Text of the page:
Cuba, a stronghold for tourism in the Caribbean, has a wide network of hotels and extra-hotel facilities in major urban centers.
Full of natural, historic and cultural attractions for tourism, the Caribbean island complements its offer with options on dozens of islets that make up the Cuban archipelago.
Indeed, Cuba has about 200 bays, 2,000 keys and islets and 588 kilometers of beaches of major tourist importance.
Precisely, in that environment, Jardines de la Reina (Queen's Gardens) stands out off the south coast of eastern Ciego de Avila and Camagüey provinces, with some 170,000 square kilometers distributed in narrow and relatively small keys that are rich in bushes, vegetation and sandy dunes.
Its name comes from a tribute by Genoese Admiral Christopher Columbus to Spanish Queen Isabel la Catolica (Elizabeth the Catholic).
The archipelago was declared a marine reserve in 1996, and part of the area was designated as a National Park in 2010, as well as being a genetic reservoir for exclusive species of insects and mollusks that it treasures and for its biological diversity.
Therefore, tourism, which also includes diving, bird watching and recreational fishing, takes place on an ecological and sustainable basis, which allows maintaining its natural values almost intact.
It is also an important spawning area for four species of marine turtles in Cuba and the habitat of one of the largest populations of conch (Lobatus gigas, formerly Strombus gigas) in the country.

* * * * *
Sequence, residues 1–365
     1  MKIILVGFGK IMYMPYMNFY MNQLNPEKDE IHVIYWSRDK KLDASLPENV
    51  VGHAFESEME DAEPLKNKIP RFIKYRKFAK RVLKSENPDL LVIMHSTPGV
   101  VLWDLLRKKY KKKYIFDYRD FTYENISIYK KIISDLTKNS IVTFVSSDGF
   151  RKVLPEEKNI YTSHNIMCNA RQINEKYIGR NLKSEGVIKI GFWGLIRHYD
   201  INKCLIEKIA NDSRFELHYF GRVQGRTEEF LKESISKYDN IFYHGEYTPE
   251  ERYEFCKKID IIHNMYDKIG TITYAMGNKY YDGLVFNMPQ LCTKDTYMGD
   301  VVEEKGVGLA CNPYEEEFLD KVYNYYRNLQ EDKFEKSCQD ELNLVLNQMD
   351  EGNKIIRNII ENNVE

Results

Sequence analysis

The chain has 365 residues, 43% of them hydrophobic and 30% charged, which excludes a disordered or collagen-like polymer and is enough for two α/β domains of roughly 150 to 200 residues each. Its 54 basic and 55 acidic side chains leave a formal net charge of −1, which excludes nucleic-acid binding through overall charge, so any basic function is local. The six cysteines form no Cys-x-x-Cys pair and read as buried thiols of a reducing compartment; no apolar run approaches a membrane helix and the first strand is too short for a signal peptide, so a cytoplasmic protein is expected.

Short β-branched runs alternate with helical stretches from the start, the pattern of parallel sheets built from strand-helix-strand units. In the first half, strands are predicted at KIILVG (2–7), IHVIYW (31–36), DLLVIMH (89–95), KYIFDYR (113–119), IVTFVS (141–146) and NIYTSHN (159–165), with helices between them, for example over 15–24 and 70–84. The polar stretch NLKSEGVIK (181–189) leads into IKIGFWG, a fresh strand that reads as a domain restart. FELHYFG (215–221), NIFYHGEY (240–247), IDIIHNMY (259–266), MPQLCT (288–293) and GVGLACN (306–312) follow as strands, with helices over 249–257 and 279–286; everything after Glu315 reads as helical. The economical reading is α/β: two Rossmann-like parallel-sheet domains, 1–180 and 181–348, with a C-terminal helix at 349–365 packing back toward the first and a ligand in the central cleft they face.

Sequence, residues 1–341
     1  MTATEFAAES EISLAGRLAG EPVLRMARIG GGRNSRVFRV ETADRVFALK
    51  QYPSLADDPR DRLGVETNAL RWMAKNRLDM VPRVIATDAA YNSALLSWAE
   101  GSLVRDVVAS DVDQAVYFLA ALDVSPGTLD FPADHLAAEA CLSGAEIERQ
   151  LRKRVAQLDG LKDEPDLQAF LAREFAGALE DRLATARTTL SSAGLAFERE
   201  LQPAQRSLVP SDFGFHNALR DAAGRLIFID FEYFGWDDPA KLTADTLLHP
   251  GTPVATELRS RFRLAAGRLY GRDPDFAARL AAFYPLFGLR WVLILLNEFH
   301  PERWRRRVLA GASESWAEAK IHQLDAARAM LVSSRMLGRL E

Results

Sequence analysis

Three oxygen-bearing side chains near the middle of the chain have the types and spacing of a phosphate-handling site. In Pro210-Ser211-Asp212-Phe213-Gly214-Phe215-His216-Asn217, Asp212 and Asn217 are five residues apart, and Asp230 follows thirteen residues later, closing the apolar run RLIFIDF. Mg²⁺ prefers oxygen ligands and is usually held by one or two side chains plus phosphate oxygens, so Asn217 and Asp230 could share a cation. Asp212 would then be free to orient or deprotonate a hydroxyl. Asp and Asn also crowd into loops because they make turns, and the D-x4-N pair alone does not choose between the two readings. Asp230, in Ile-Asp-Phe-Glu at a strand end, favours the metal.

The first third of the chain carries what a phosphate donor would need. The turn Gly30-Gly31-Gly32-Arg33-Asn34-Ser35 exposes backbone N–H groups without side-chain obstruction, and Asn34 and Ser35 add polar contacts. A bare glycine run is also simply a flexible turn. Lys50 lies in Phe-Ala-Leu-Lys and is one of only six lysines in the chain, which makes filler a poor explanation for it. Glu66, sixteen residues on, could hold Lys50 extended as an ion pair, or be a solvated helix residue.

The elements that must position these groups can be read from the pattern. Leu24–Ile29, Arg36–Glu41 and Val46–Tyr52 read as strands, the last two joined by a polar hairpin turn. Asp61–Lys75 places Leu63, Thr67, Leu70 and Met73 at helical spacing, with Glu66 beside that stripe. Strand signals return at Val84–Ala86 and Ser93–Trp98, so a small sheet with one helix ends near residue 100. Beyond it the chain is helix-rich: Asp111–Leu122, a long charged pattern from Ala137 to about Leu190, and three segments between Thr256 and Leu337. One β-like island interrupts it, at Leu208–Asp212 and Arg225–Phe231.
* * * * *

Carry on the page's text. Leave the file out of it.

In addition, studies show that the keys of the central-western portion of Jardines de la Reina, known as the Labyrinth of the Twelve Leagues, were formed by the accumulation of loose sediments, only retained by the vegetation, in which mangroves and bushes abound.
For diving enthusiasts, an international center operates there, so naturalists can dive in the entire region involving the keys Grande, Caballones, Anclitas, Piedra Grande and Cachiboca.
The main attraction for diving enthusiasts is the prolonged and safe coexistence with several species of sharks, including the silky and the gray sharks from the Caribbean.
On the other hand, in the edge of the shelf, divers can watch black corals and several species of marine fauna, which are natural relics of a meticulously preserved ecosystem.
Tourists can descend to the seabed to watch the sharks that inhabit this highly protected area.